The Mini EV also cuts corners that are not allowed in the US or Europe, highlighting the challenge Toyota faces in developing a viable competitor that can handle easily in a crowded city and still have quality. quality and high performance.

For example, the Mini EV has only one airbag, no passenger airbags, or on either side to protect the occupants if it rolls over.

The car has anti-lock brakes but no stability control technology despite its rather tall and stout body shape making it easy to flip when cornering at high speed, the two are familiar with the development of it told Reuters.

“First of all, the product meets all of China’s vehicle safety requirements. Hong Guang Mini EV is basically a commuter tool, helping people get from point A to point B in city traffic. It is very difficult for them to drive this vehicle in high altitude, said Chu of SGMW.

The no-frills approach certainly doesn’t detract from its appeal.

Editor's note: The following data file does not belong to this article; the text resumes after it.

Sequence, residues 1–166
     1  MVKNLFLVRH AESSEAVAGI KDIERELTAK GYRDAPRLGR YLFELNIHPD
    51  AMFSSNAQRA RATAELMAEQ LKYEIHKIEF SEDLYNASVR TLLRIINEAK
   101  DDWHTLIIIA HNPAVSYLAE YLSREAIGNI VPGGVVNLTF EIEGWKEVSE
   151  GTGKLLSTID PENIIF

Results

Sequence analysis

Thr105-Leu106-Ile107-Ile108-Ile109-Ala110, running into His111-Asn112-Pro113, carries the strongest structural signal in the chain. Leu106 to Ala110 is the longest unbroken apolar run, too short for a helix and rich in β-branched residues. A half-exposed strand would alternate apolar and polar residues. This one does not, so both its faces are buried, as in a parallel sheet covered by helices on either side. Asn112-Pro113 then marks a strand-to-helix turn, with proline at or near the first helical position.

Launched in July, cost-conscious Chinese shoppers and trendy urban, young people are making around 100,000 mini electric cars every quarter, making it one of the most popular car dealerships. Top power in China.

Several young drivers were buying it and partly other Wuling cars after a video of a wuling van skillfully racing on a zigzag mountain road went viral. For many, seeing a basic Chinese truck do the tough maneuvers has made them feel nationally proud.

Huang Peixian, 26, a small business owner in Shantou City, Guangdong Province, said: “I am proud of what Chinese-made vehicles like Wuling wagons can achieve.

“When I saw the Hong Guang Mini EV, I thought it might be a good car for me,” she said. “I’m not only attracted to the car because it’s cheap, but it’s also really fun to drive.”

Many drivers personalize their Mini EV with a new paint job and sleek head and tail lights. Some are even customizing their other cars, such as Audis and BMW, with Wuling stickers and badges.